​​LCAPS brings together research-active staff from across the University. This multi-disciplinary approach means LCAPS' researchers specialise in eight distinct areas: Policing Studies; Criminal Justice; Criminology; Forensic Computing; Public Health; Urban Affairs; Law and Cyber Crime.

​The Centre also carries out work within the following research areas: terrorist studies, counter terrorism, child protection, child sexual exploitation, hate crime, crime prevention and reduction, human trafficking and maritime security.

The Centre is based in the newly refurbished John Foster Building, at the centre of the University’s Mount Pleasant Campus and a short walk from the Aldham Robarts Library. Facilities within the building include social areas, a cafe and the main office for the Liverpool Students' Union.

Why study this course at LJMU?

Ideal for serving police officers and those yet to embark on their career, this new programme has been designed to fill the skills gap in quantitative research identified in policing. You will benefit from training in research skills and given the opportunity to carry out a dissertation in an area of specialist interest.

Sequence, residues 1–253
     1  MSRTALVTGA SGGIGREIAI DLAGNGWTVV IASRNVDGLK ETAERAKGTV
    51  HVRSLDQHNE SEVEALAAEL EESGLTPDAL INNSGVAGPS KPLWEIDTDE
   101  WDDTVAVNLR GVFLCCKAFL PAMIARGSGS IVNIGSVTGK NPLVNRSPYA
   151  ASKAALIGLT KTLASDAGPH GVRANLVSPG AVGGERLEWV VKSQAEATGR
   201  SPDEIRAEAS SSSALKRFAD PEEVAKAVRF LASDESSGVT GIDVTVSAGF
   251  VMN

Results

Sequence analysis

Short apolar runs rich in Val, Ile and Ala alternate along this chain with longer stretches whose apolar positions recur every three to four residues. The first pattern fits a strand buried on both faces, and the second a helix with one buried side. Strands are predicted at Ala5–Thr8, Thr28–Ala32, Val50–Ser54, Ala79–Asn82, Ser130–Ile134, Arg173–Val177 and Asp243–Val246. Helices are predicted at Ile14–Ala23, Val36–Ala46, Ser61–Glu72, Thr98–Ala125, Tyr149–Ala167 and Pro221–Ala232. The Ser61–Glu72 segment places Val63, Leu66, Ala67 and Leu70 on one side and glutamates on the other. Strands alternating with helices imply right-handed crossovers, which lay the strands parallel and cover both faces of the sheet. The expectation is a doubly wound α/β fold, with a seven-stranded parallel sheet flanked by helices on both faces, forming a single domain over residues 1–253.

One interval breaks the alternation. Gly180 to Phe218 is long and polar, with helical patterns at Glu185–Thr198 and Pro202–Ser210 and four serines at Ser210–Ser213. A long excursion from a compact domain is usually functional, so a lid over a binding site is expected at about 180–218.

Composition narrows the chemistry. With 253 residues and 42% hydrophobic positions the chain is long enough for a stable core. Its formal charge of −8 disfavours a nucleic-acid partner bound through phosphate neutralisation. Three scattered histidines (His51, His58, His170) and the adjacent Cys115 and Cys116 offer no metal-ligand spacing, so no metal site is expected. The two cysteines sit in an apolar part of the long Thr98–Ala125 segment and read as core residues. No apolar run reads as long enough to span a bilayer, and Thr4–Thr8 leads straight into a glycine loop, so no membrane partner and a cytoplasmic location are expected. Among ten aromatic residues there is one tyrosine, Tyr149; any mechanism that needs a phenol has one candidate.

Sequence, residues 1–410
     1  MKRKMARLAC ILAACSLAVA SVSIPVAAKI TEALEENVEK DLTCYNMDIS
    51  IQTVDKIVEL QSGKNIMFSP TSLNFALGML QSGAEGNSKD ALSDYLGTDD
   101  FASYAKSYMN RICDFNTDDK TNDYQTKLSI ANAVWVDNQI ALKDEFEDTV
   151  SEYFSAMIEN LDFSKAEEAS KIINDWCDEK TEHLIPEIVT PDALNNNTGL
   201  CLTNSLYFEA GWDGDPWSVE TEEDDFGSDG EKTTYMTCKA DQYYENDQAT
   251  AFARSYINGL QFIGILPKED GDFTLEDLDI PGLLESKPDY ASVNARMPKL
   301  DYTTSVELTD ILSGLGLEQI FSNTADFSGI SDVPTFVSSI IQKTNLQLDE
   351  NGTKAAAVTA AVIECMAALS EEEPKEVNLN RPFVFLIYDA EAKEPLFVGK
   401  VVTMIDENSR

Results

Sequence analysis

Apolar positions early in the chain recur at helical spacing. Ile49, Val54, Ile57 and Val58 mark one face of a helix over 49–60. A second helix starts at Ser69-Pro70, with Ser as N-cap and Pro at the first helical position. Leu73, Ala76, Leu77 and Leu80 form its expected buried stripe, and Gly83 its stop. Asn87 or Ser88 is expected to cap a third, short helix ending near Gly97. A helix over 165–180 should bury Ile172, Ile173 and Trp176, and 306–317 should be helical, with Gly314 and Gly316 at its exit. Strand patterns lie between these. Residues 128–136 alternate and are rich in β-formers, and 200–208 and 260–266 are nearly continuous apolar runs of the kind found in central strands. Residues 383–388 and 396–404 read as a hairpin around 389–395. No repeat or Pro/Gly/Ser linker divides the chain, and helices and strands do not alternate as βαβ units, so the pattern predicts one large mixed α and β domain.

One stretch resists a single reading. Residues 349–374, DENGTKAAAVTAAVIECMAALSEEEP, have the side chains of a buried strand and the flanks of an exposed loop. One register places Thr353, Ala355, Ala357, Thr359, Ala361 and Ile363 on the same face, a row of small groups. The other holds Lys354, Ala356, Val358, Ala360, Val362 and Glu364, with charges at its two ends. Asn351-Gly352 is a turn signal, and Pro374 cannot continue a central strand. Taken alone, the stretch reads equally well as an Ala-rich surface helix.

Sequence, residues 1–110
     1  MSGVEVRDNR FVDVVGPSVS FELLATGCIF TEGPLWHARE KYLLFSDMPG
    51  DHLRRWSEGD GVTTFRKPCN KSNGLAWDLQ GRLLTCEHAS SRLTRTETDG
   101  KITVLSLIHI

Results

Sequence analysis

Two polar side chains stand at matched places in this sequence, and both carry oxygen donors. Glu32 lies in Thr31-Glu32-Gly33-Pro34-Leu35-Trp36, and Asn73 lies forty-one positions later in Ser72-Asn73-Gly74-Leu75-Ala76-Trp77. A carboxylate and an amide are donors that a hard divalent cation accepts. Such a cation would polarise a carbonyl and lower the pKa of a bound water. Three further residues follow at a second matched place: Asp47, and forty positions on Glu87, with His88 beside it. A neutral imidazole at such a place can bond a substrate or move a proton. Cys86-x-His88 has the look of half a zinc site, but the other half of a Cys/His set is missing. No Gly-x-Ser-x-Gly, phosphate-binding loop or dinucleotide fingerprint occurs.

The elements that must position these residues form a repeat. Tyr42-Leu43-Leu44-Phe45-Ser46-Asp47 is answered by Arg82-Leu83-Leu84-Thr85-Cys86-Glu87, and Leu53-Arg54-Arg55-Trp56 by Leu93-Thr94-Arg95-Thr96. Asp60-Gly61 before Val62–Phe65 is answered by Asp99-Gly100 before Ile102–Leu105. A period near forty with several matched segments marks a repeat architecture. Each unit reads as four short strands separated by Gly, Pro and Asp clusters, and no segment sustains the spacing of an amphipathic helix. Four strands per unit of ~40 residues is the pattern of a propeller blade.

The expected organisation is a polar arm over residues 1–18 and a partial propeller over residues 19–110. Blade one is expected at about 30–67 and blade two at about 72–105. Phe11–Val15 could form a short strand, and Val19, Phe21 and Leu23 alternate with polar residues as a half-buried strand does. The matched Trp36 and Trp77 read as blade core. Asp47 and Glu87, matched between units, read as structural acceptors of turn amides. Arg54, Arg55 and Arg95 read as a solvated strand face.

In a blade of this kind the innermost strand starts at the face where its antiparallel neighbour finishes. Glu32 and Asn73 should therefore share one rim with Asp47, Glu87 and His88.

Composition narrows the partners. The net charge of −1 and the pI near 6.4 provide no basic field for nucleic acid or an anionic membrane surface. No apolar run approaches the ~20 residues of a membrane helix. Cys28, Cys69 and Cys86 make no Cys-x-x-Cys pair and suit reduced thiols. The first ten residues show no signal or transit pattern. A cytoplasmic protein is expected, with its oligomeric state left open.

​The Liverpool Centre for Advanced Policing Studies has significant expertise in the Policing sector and can thus provide supervision in a wide range of topics. We are particularly interested in interdisciplinary methodologies. Our suite of Policing Studies qualifications are focused on developing the professionalisation agenda for policing and we work with the professional body, the College of Policing, as well as local policing organisations to ensure that course content is relevant and current.